People plan and sacrifice for years in order to retire in their 60s. And yet, more and more people are less than thrilled when they get there.
Research conducted by the Employee Benefit Research Association indicates that retirement satisfaction is decreasing:
The cross-sectional results in this study show that the share of respondents reporting “very satisfying” retirements dropped from 60.5 percent in 1998 to 48.6 percent in 2012. On the other hand, the share of respondents reporting “moderately satisfying” and “not at all satisfying” retirements increased from 31.7 percent to 40.9 percent and from 7.9 percent to 10.5 percent, respectively.
One might tie this dissatisfaction to financial stress and a reduction in lifestyle. But that doesn't explain the Baby Boomers who are going back to work (the unretirement trend) even though they're set in the savings department.
So this makes those striving for “early retirement” even more puzzling. Sure, being a member of the idle rich sounds good … until the boredom sets in. I think what most people actually want is to do something different, rather than do nothing at all.
Which brings us to my friend and fellow GenXer Joe Pulizzi. After he sold his marketing events company in 2016 and stayed on for the agreed year, he could have called it a wrap on work. Instead, Joe has reinvented himself as a novelist, releasing his first thriller just a few days ago.
Here's his story. Maybe it will help you see the change you're looking for.
Down below, Trudi is reminiscing about Mr. Rogers and bringing some smart tips on keeping yourself in balance. And I'm too busy to even consider retirement.
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Why does happiness get harder in your 40s? Why do you feel in a slump when you’re successful? Where does this malaise come from? And, most importantly, will it ever end? This is the research we reference all the time here at Further; dive in to The Happiness Curve and get the full story.(Amazon)
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By Trudi Roth
If Generation X is, as many memes suggest, a generation with a knack for sitting back and rolling with the punches, maybe that’s because shows like Mister Rogers’ Neighborhood taught us to maintain equilibrium at an early age. Often this tendency is described in negative terms as ambivalence or an inability to take action (and sometimes it is). But there are times when that X-ish tendency also reflects an inclination to keep calm and carry on, which isn’t wrong either.
While it’s fine to remember that we had role models growing up who nurtured our resilience, the truth is as a whole, Xers are under a ton of stress. Research shows we’re crushed by debt, general work dissatisfaction, and sandwich-generation pressures.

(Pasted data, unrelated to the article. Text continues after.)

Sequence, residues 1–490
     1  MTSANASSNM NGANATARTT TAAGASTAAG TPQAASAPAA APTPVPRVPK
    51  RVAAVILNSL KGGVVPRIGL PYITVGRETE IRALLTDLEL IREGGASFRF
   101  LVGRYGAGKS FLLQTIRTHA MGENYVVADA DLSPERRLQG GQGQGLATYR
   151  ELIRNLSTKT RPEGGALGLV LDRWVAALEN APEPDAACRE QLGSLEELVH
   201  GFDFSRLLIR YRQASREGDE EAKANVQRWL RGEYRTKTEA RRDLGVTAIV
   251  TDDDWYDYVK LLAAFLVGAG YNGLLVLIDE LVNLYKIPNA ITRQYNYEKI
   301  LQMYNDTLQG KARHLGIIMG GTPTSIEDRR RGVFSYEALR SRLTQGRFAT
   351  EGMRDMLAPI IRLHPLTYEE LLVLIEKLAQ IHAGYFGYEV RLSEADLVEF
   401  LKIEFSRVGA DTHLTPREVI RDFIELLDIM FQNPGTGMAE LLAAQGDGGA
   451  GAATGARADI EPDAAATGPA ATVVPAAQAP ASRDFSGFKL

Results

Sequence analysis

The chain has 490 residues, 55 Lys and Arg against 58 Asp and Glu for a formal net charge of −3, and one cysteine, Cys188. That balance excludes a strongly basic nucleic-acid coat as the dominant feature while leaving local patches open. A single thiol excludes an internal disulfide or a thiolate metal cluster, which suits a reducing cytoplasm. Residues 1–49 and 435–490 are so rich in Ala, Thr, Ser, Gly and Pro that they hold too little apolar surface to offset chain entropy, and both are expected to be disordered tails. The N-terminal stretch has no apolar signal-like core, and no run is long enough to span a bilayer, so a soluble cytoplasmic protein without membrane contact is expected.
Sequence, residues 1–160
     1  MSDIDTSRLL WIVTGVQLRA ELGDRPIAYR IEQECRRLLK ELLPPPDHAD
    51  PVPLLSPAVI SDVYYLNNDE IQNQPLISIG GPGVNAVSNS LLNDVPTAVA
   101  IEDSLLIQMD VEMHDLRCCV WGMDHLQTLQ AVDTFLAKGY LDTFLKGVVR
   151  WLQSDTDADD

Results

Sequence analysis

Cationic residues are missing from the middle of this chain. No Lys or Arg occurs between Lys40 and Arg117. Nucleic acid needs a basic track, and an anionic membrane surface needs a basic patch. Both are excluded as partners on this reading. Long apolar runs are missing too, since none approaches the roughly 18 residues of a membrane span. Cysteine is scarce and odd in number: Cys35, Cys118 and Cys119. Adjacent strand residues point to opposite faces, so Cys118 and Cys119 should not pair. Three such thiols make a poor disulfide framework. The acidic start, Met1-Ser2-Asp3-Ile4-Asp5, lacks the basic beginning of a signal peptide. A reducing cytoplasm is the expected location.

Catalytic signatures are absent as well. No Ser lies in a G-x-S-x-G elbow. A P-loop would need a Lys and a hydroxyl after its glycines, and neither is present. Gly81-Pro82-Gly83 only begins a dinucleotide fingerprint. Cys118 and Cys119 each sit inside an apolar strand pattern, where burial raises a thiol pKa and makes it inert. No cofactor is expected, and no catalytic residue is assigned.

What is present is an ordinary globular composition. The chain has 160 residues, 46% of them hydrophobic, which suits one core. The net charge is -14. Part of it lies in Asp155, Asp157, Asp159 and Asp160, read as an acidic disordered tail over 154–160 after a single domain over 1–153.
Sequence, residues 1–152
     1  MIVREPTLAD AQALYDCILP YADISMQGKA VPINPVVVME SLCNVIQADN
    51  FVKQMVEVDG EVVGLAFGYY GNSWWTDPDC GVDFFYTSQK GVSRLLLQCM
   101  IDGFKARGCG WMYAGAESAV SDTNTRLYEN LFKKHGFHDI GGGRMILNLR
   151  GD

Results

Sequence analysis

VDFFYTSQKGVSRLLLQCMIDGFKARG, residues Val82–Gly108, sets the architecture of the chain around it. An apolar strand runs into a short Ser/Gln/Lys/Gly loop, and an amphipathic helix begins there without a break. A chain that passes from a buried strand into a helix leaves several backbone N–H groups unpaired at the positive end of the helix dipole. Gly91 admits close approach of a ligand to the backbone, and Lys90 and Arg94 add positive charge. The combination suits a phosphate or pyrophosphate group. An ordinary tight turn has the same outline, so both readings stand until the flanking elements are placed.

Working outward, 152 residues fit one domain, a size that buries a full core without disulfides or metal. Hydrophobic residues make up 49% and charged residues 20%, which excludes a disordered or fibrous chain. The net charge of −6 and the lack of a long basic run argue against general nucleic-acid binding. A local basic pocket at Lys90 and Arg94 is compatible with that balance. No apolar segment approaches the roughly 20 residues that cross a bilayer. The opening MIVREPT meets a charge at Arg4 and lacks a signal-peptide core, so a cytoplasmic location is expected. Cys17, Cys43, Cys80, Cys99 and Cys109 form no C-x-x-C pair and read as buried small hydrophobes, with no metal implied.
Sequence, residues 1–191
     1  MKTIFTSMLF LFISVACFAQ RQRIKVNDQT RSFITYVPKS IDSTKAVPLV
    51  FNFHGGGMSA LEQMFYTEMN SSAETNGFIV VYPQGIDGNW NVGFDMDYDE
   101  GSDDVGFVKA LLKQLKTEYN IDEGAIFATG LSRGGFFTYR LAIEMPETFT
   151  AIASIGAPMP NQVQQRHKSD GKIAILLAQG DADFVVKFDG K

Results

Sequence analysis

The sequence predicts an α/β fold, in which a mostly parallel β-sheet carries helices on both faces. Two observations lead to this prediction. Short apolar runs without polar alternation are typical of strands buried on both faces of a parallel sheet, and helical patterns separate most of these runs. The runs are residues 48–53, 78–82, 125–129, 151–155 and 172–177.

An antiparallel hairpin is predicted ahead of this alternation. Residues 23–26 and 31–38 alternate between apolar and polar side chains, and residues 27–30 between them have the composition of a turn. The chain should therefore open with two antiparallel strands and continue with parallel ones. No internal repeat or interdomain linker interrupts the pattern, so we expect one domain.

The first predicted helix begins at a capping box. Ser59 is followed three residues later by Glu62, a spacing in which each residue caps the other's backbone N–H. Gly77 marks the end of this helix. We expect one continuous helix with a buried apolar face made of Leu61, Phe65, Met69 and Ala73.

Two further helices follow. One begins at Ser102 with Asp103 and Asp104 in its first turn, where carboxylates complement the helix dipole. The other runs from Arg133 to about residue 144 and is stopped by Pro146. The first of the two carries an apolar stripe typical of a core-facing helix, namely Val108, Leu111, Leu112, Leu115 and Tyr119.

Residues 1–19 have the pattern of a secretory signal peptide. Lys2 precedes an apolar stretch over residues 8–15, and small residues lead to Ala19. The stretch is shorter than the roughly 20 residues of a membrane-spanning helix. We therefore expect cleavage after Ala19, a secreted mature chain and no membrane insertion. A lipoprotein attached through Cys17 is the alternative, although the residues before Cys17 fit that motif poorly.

Maybe it’s time to take a trolley tour of the inner workings of your brain to get out of stressville and on with living a happier life.
Don’t be a puppet
Your neurological impulses would love you to believe that there’s no safe neighborhood for you. Whenever you experience a perceived threat, you’re prone to an amygdala hijack, where that seat of emotional memories uses stress hormones to pull the fight-flight-freeze strings to control your behavior.
The first step is to pay attention and notice when your response is misaligned with the actual situation. Once you’re aware that your feelings are illogical, you can take action to calm down.
A round of deep, slow breaths is the perfect go-to in a heated situation. Or, a simple mindfulness grounding technique where you focus on what’s around you and not inside your head can also do the trick.
Play some emotional make-believe
The equilibrium linchpin is simple to set in place. All you have to do is re-label negative feelings as more positive and productive.
For example, fear can be seen as anticipation, dread as caution, pressured as in demand, and rejection as protection. And forget worry altogether — speculation only leads to suffering.
Which brings us back to the Zen of our childhood stalwart, Mr. Rogers, who said:
Whatever is mentionable can be more manageable.
And to this, we can all say Roger that.
Alanis Morissette – You Oughta Know
Jagged Little Pill, 1995
Back in 1995, Alanis Morissette vented her anger on You Oughta Know, putting righteous fear into the black hearts of bad ex-boyfriends everywhere. In the process, she sold 33 million copies of her international debut album, Jagged Little Pill. (YouTube)
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